|Publication number||US3708170 A|
|Publication date||Jan 2, 1973|
|Filing date||Jan 24, 1972|
|Priority date||Jan 24, 1972|
|Publication number||US 3708170 A, US 3708170A, US-A-3708170, US3708170 A, US3708170A|
|Original Assignee||Ato Inc|
|Export Citation||BiBTeX, EndNote, RefMan|
|Referenced by (6), Classifications (5), Legal Events (2)|
|External Links: USPTO, USPTO Assignment, Espacenet|
United States Patent [1 1 Presnell [451 Jan. 2, 1973  FOOTBALL  Inventor: William R. Presnell, Dellwood, Mo.
 Assignee: A-T-O Inc., Willoughby, Ohio  Filed: Jan. 24, 1972  App]. No.: 220,175
 11.5. CI. ..273/65 A, 273/65 BO  Int. Cl. ..A63b 41/08  Field of Search ..273/58, 55, 65
 References Cited UNITED STATES PATENTS 10/1925 Maynard 1273/65 EG 12/1939 Reach ..273/65 EG 2,270,553 1/1942 Potito ..273/65 136 2,653,818 9/1953 Tebbetts, Jr. et al..... ....273/65 EG 2,874,965 2/1959 Martin ..273/65 A Primary Examiner-George J. Marlo Att0rney-Frederick M. Woodruff et a1.
[5 7] ABSTRACT A football including an inflatable bladder insertion opening and in which an extended lacing length and corresponding cross loops are provided to accommodate football players withsmall hands and to improve the ball handling and passing manipulation. The lacing loops re extended out to a length of about 55-60 percent of the total length of a seam line.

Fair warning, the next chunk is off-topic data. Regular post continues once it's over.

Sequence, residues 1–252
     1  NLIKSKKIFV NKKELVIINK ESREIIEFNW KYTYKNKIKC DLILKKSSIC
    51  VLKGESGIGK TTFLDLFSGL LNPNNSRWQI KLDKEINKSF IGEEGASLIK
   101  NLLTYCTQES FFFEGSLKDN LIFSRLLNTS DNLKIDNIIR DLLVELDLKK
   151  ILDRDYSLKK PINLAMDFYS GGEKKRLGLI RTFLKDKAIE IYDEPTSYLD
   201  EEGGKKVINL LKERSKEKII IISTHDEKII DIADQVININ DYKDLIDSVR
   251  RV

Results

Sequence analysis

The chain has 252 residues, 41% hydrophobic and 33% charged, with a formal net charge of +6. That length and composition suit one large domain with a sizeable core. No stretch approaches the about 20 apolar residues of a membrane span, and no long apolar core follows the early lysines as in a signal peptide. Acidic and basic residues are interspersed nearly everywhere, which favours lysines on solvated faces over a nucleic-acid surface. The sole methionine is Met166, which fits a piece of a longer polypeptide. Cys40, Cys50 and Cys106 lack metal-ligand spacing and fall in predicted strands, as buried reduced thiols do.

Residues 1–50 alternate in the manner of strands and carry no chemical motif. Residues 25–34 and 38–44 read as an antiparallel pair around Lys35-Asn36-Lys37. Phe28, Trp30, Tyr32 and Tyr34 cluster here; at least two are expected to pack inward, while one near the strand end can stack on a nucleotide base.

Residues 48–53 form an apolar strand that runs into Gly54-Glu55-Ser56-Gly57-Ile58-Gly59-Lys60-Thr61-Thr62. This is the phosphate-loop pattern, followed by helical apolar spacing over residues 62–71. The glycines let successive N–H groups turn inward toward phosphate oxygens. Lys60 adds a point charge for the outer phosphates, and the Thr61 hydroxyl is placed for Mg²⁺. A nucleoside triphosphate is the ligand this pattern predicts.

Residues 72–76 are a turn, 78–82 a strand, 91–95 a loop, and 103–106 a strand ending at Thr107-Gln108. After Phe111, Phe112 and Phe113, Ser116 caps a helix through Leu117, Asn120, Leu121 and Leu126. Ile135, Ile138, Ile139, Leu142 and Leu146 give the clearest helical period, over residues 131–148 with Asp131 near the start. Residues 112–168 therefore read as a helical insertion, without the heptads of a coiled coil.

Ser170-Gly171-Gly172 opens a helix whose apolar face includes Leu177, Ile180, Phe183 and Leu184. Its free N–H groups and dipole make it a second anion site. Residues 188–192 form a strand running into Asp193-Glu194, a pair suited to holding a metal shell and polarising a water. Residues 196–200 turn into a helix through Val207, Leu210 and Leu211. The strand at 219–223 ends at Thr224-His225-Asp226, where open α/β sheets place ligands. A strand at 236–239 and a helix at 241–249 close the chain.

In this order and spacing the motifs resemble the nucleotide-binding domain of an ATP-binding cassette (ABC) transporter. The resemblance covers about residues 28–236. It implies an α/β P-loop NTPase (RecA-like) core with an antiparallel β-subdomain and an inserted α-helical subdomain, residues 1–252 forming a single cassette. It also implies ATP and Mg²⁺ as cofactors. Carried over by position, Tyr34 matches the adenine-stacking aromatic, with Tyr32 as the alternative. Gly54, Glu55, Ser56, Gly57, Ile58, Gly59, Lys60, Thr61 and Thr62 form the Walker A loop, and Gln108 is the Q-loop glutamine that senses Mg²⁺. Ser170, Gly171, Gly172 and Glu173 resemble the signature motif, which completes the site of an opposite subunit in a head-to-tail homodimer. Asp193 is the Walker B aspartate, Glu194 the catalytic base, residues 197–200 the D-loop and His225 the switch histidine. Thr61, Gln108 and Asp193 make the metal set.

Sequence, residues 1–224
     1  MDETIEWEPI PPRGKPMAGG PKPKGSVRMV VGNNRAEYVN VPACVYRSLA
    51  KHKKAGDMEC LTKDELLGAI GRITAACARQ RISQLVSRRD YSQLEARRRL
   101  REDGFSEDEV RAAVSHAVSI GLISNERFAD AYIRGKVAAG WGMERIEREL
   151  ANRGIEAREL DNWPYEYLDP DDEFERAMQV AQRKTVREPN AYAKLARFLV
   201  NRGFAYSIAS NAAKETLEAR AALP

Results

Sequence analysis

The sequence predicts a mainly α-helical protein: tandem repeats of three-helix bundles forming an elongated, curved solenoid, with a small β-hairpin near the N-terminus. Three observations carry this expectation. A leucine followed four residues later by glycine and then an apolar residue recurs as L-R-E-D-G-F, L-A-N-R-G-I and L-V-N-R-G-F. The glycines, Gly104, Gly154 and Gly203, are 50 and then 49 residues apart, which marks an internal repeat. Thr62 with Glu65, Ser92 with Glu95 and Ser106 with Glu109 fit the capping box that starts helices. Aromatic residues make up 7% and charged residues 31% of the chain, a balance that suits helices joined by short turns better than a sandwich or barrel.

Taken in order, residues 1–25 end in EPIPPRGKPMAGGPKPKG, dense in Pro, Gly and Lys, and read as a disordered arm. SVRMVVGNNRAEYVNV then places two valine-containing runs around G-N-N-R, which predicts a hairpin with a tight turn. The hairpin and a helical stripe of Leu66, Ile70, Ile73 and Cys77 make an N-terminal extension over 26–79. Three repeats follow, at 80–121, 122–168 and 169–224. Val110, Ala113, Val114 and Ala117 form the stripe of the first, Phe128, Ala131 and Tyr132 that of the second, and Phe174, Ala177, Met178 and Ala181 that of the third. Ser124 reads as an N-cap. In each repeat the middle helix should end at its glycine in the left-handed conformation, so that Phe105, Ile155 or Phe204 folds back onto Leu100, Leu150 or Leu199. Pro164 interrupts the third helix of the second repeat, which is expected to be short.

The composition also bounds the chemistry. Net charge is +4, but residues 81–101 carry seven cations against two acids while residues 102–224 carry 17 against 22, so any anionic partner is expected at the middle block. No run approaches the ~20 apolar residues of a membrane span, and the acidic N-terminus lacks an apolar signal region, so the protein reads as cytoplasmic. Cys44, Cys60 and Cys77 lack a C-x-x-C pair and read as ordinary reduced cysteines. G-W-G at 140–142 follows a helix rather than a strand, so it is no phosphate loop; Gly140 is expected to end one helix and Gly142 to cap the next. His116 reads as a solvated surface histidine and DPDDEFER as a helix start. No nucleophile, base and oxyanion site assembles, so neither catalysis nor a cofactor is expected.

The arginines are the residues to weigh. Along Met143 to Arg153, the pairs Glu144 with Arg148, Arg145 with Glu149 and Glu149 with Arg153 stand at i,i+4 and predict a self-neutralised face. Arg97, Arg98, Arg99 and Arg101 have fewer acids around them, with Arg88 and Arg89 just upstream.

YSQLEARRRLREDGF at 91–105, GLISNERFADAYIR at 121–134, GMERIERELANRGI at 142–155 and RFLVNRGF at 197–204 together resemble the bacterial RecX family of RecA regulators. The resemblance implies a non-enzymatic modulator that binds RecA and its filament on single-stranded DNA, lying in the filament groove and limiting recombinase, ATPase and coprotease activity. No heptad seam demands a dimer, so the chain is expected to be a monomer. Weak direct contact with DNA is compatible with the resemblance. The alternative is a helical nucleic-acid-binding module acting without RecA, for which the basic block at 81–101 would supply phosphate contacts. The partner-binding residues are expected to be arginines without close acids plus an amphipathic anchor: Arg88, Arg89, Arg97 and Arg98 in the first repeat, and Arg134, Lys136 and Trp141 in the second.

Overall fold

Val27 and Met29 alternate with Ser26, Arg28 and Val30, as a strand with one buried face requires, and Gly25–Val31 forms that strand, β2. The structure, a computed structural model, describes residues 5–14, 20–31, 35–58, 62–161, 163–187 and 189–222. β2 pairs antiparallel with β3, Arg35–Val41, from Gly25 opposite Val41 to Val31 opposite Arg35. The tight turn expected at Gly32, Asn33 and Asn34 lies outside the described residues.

8 Claims, 2 Drawing Figures FOOTBALL BRIEF DESCRIPTION OF THE INVENTION The present invention relates to improvements in football lacing constructions and is directed more specifically to improving the ball handling efficiency and security.
Heretofore the basic or standard football has had a bladder insertion opening which is closed by a lacing assembly including eight loop stitches directed transversely of the bladder opening, which lacing and loops have traditionally been utilized by football players as a gripping surface, especially for passing. The problem up to now has been that football players with small hands have had to grip the ball closer to the enlarged or fat center section in order to get one or two fingers on the lacing. This has increased the possibility of fumbles and mishandling of the ball in wet or cold weather, especially when a player has a limited spread between the fingers and the thumb.
The improved lacing construction of this disclosure is accompanied by the enlargement of the bladder insertion opening in one of the seams of the casing so that the inflatable bladder may be laid in the casing more accurately, so that the reinforcement patch for the air valve and the alignment of the air valve in the patch area can be made easier, and so that additional lacing extended toward and into the conoidal ends of the football will place a gripping surfacein the area of the football casing where a player with small hands can easily improve the efficiency of ball handling.
The objects of the invention are to provide an extended lacing for closing the bladder insertion opening in a football casing so as to get an increase in the gripping surface for more efficient ball handling.
It is also an object of this inventionto provide an extra lacing surface so that football players with small hands may obtain a more secure grip on the football and thereby improve the accuracy of passing, and afford a means for improvingthe distance of passing as more force and spiral action may be imparted to a ball with the longer lacing.